Subject: Indonesia Plans to Buy U.S.-Made Hercules Planes
also: AP - Indonesia to Buy U.S. Military Equipment
Indonesia Plans to Buy U.S.-Made Hercules Planes
JAKARTA, Nov. 25 (Reuters): Indonesia plans to buy Hercules planes from the United States as early as January following the resumption of full military ties with Washington, Defense Minister Juwono Sudarsono said on Friday.
The U.S. restored military ties and lifted an arms embargo on the world's most populous Muslim nation this week as a reward for Jakarta's cooperation in the war on terrorism.
Human rights groups have slammed the U.S. move.
"...The Hercules meets the military's needs for a show of force as well as humanitarian needs to transport medicines," Juwono told a news conference.
Asked when the government would make the purchase, Juwono said: "It can be done as early as in January."
Ties were severed after pro-Jakarta militias backed by elements in the military sacked East Timor in 1999 when the territory voted for independence. The United Nations estimates the militias killed around 1,000 Timorese.
Before the embargo, Indonesia had 24 functioning Hercules but the number was now six, Juwono said, adding the country was hoping to get another three of its grounded Hercules operational in the next six months.
A U.S. move to ease restrictions on military cargo plane parts sales earlier this year had helped Indonesia to beef up its airlift capacity, Juwono added.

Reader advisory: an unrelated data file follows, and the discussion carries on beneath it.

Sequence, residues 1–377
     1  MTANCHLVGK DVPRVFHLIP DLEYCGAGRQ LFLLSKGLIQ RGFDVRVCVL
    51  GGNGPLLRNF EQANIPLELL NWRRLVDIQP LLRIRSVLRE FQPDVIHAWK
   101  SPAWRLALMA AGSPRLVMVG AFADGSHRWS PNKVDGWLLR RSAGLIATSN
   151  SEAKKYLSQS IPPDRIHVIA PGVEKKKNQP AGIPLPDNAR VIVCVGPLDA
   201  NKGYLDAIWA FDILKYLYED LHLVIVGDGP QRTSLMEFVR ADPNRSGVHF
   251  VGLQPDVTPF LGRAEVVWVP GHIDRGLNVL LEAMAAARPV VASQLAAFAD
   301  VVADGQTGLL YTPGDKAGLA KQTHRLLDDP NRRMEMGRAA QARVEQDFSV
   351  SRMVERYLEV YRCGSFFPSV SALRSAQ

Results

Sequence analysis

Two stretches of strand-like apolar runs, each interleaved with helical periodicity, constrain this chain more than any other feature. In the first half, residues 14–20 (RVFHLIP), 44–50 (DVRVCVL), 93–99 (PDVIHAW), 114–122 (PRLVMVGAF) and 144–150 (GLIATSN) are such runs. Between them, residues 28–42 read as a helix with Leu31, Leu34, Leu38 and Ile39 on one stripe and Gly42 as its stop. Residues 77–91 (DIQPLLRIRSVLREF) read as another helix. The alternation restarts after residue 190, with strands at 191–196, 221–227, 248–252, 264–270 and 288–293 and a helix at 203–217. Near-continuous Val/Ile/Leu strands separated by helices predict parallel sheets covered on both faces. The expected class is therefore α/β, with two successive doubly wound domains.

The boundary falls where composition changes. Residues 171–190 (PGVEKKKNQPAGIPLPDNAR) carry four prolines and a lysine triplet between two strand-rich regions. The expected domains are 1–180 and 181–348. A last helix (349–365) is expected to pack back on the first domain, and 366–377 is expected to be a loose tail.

The U.S. eased those restrictions last January in order to assist the country in humanitarian efforts after the Dec. 26 tsunami which killed or left 170,000 Indonesians missing.
Washington's move comes despite objections from rights groups that say Jakarta has done too little to reform the military and bring it under civilian control since the downfall of the military-backed regime of ex-autocrat Soeharto in 1998.
November 25, 2005
Indonesia plans to start buying military equipment from the United States in January following the lifting of an arms embargo, and will prioritize transport aircraft, the defense minister said Friday.
But the minister, Juwono Sudarsono, stressed that Indonesia would keep looking to other countries for its defense needs.
"We are still evaluating the best packages for our military equipment based on our budget," he said.
On Tuesday, Washington lifted a six-year embargo on arms sales to Indonesia.
Before the ban, which was imposed due to human rights concerns, the United States was Indonesia's largest supplier of weapons and equipment.
The embargo had left many of the country's Hercules transport planes grounded due to a lack of spare parts and forced Indonesia to look for other, cheaper suppliers of military hardware.
"As soon as possible we will count what equipment is needed, especially for the air force, so that at least by January we can start to buy military equipment from America," Sudarsono told reporters.
He said that the government planned to spend about 70 percent of its budget on transport planes "because they have nonmilitary functions such as moving medicine and relief aid in disaster areas."
Two years ago, Indonesia bought four Sukhoi fighter jets from Russia, with 12 more expected to be delivered in 2007.
The navy is purchasing two corvettes from Royal Schelde of the Netherlands and two years ago signed a letter of intent with South Korea to buy diesel-electric submarines.
The army has investigated the possibility of purchasing short-range missiles and armored personnel carriers from China and India.